For years, chatbots have been a useful tool to help automate customer-facing applications. But what happens if the chatbot goes rogue?

Recent reports have revealed that this may have happened to the Comcast / Xfinity chatbot. First, there were incidents of Xfinity email outages. Next, some reported that if you try to resolve the issue via chat, a rogue chatbot may engage with you. The impersonator chatbot then tries to redirect you to a malicious page that asks you to divulge your credit card number.

Could this be related to the massive breach that involved 35.9 million Comcast Xfinity broadband entertainment platform customers? While this story is still developing, it wouldn’t be the first time chatbots were recruited for online scams.

There are a variety of ways chatbots are being used to spread malware and/or obtain sensitive information. Here’s what to watch out for.

Hacking Bing

Bing Chat has quickly become one of the world’s leading AI chatbots. Millions of people use it every day. One feature of Bing Chat is that ads can be inserted into the conversation. For example, a user can hover over a link and then an ad is displayed.

Malwarebytes reported on a case where Bing Chat ads were being hijacked by nefarious actors. In this scam, when the user’s cursor hovers over a legitimate link, a dialog box appears showing a malicious ad:

Image source Malwarebytes

Clicking on the malicious ad leads users to a website (mynetfoldersip[.]cfd) that can identify real victims and filter out bots, sandboxes or security researchers. Filtering works by checking IP addresses, time zones and other system settings, such as web rendering that identifies virtual machines.

Actual human users are eventually redirected to another fake site (advenced-ip-scanner[.]com) that mimics an official page, while others are sent to a decoy page. Victims are then invited to download malware that looks like legitimate software.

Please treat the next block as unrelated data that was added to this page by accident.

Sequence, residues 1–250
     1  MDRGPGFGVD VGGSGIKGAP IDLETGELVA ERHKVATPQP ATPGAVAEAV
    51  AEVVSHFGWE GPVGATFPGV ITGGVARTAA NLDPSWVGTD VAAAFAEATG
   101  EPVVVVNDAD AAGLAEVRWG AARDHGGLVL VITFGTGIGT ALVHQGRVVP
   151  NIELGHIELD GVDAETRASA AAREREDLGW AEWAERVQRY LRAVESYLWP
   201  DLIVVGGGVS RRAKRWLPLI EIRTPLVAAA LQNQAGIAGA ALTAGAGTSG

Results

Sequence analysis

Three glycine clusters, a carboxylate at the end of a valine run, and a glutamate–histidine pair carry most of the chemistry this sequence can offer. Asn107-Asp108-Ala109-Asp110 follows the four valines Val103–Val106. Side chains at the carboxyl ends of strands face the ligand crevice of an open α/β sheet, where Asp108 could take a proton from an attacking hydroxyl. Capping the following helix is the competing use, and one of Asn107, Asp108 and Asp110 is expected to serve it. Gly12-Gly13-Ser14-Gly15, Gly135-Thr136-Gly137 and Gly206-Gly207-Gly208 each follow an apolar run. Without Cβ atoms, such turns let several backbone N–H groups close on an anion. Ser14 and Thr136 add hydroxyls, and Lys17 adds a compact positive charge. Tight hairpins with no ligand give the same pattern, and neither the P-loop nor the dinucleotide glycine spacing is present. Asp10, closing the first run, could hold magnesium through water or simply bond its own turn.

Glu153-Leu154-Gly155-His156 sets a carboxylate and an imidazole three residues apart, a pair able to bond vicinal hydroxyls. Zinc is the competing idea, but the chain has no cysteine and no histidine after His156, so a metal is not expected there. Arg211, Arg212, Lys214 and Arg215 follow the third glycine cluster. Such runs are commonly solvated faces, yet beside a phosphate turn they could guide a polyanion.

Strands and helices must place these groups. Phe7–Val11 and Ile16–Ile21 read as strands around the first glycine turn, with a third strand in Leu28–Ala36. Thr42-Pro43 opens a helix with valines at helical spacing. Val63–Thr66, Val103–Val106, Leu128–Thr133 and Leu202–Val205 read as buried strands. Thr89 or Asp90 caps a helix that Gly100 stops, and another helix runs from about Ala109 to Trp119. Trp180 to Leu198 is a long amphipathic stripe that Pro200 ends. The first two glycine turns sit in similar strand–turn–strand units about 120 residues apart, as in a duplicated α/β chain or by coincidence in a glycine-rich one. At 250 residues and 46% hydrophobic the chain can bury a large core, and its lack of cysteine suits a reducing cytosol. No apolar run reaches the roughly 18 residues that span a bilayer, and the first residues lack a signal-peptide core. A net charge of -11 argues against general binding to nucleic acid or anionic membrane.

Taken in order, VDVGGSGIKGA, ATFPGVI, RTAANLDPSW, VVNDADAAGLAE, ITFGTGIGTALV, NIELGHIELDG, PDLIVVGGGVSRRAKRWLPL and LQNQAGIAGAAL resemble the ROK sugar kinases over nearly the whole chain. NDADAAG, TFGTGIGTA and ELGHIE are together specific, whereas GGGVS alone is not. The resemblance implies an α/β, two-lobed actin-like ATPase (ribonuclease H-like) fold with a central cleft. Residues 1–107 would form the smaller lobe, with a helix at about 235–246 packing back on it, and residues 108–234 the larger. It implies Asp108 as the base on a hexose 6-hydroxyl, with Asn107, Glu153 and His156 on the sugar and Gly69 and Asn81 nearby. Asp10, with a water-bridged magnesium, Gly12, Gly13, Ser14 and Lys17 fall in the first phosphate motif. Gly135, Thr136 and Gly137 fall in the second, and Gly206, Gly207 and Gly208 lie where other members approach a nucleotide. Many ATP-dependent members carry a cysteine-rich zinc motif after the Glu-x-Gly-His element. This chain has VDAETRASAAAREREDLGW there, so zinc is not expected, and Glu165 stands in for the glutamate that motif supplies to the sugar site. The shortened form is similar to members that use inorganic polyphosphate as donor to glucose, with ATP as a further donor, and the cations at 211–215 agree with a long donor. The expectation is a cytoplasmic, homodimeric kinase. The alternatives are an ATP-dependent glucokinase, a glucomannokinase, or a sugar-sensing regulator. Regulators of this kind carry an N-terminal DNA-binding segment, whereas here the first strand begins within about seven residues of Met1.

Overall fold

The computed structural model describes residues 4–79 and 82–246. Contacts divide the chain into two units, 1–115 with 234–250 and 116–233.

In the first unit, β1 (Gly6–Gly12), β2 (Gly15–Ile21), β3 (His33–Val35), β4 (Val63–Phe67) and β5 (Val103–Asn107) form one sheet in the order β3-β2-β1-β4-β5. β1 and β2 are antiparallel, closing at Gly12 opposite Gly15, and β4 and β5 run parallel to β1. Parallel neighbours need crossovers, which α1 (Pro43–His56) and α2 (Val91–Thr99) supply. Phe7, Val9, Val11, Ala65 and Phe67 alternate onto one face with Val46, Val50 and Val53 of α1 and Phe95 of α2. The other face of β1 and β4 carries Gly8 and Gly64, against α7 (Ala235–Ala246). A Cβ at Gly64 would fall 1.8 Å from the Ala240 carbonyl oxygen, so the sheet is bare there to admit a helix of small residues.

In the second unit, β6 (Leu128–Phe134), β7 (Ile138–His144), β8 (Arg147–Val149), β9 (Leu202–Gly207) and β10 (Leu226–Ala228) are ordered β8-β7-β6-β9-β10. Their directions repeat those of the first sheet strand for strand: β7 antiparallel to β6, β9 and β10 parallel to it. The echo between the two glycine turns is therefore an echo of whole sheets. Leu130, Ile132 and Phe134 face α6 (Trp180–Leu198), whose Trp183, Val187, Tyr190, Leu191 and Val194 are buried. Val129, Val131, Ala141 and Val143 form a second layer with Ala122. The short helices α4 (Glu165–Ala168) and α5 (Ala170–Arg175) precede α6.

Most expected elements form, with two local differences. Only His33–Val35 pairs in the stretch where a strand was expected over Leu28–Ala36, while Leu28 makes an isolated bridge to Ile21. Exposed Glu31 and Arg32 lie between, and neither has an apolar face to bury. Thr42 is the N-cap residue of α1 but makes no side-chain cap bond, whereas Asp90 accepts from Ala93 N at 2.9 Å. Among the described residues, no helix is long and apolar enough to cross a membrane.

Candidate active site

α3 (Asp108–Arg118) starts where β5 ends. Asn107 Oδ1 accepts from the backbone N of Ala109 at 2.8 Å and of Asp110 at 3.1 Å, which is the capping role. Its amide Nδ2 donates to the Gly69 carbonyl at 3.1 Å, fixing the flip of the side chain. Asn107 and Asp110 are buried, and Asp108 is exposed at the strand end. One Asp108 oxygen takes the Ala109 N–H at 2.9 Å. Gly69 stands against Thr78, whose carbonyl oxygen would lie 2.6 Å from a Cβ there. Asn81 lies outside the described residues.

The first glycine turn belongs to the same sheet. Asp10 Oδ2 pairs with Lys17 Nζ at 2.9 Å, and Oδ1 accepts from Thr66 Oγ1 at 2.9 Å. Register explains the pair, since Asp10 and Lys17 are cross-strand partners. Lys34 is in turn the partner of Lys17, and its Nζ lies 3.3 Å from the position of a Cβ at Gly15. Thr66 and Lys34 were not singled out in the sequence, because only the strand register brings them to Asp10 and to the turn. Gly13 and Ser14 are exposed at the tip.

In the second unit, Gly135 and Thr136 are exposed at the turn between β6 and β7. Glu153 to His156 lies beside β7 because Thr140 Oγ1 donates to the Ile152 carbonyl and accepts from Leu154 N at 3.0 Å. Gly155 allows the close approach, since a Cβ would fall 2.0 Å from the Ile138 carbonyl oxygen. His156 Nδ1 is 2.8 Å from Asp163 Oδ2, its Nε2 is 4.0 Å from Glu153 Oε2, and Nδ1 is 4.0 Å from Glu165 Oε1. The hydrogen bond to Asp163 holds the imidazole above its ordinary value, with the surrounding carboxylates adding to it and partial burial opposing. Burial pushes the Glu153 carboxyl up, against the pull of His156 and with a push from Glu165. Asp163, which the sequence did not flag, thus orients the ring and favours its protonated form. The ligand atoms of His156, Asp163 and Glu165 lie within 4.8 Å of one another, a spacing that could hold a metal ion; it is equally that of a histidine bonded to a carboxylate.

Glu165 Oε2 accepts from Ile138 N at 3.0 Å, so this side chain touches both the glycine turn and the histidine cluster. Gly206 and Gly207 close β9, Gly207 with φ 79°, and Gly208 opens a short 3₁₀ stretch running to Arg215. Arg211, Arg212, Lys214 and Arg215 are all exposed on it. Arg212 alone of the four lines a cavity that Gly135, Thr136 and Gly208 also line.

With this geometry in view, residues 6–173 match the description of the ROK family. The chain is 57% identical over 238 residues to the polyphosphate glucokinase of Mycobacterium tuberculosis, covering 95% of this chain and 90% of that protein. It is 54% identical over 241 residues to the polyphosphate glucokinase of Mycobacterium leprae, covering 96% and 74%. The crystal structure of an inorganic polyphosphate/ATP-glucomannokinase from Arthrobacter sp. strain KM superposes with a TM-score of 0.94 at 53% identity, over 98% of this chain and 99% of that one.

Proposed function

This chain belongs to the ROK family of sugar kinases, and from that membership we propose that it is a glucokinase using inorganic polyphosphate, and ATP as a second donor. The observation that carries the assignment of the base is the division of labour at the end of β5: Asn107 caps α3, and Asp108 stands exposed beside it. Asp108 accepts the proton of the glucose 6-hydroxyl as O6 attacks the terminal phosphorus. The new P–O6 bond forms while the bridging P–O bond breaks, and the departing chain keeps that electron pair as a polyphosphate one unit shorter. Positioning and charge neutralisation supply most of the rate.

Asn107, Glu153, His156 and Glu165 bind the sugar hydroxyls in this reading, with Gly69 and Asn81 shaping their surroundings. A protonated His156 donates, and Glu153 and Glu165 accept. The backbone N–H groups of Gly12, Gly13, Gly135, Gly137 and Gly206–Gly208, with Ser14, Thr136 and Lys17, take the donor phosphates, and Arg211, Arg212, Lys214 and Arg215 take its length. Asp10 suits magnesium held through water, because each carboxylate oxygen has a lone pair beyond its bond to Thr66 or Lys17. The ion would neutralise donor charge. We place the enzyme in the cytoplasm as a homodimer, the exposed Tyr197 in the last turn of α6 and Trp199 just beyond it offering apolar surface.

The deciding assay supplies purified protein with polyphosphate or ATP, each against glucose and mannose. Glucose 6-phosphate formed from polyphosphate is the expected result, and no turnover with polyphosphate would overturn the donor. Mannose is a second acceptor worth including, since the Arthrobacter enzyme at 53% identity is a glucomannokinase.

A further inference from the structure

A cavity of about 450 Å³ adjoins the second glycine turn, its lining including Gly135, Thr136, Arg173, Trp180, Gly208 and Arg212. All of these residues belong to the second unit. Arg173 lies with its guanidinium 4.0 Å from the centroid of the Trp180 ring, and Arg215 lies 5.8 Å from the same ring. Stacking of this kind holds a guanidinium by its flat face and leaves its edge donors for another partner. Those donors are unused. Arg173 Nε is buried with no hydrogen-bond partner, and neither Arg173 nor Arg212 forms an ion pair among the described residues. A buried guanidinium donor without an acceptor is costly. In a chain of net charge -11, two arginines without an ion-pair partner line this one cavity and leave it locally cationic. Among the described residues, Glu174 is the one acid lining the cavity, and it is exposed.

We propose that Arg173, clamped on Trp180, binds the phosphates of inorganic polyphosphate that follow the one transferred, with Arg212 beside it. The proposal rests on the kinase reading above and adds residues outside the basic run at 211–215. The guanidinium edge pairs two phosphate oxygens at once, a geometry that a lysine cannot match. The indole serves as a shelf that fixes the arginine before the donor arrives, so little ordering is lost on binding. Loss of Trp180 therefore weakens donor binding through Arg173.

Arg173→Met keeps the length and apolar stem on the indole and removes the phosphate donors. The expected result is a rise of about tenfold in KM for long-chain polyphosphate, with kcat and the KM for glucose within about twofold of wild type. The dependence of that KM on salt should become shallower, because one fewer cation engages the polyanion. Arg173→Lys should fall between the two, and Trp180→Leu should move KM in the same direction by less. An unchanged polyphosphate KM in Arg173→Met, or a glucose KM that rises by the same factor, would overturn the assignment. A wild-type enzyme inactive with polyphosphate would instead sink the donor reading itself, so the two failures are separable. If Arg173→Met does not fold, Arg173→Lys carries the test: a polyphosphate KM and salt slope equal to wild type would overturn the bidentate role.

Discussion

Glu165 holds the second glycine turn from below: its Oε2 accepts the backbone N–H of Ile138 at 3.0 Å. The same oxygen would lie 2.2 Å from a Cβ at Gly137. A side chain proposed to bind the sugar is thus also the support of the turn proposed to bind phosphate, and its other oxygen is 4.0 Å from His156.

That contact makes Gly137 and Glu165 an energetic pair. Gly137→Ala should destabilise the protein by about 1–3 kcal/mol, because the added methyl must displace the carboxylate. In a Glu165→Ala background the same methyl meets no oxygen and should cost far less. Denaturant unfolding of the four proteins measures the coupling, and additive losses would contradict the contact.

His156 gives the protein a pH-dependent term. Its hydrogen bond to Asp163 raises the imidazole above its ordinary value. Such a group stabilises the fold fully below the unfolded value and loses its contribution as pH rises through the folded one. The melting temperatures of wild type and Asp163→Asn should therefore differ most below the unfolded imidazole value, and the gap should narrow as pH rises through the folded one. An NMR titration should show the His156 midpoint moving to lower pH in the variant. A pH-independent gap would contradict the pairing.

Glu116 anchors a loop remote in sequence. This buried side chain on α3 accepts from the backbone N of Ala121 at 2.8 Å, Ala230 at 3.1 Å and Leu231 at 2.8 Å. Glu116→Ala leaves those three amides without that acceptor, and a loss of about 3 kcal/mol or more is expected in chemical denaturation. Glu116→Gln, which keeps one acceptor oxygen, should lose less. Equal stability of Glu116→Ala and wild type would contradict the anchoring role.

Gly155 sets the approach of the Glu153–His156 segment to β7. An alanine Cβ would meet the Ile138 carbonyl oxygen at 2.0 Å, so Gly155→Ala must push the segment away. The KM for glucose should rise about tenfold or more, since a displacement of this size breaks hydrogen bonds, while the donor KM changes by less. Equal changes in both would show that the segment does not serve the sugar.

Fake AI chatbot scams

Scammers are also taking advantage of the rising popularity of AI chatbots, like Google’s Bard. It’s easy to miss these hacks as they easily blend in with the tsunami of AI-related products and services offered now.

According to Google, two different scammer groups created social media pages and ran ads that encouraged people to “download” Bard. But Bard is a freely available generative AI tool that does not need to be downloaded.

Scammers used Google’s logos, trademarks and product names as part of their scheme. The ads lure targets to a phony website designed to look like it’s affiliated with Google. On the site, visitors are encouraged to download software to use Bard, but it’s really malware.

It’s worth noting that Google is suing the bad actors instead of just reporting them to the authorities. The company says that “lawsuits are an effective tool for establishing a legal precedent, disrupting the tools used by scammers, and raising the consequences for bad actors.” According to Google, they have filed roughly 300 takedowns related to this group of bad actors.

Other chatbot scams

Some chatbot-based scams aren’t really chatbots at all. In one scam, criminals sent phishing emails impersonating DHL.

Image source: Trustwave

From there, the malicious link connected to a fake chatbot that eventually requested sensitive information like the user’s email and password:

Image source: Trustwave

And credit card data, of course…

Image source: Trustwave

A similar scam has also been luring Facebook users under the guise of an account cancellation message. In this case, an actual Facebook chatbot is used, which then redirects targets to a fake site that asks for sensitive information.

Image source: Trustwave

Here’s how they try to get users to give up their passwords:

Image sources Trustwave

Use chatbots with caution

As with any online engagement, interacting with a chatbot should be done with the utmost caution. Always think twice, or even three times, before you click, download or provide private personal information.

To learn how IBM X-Force can help you with anything regarding cybersecurity including incident response, threat intelligence, or offensive security services schedule a meeting here.

If you are experiencing cybersecurity issues or an incident, contact X-Force to help: US hotline 1-888-241-9812 | Global hotline (+001) 312-212-8034.

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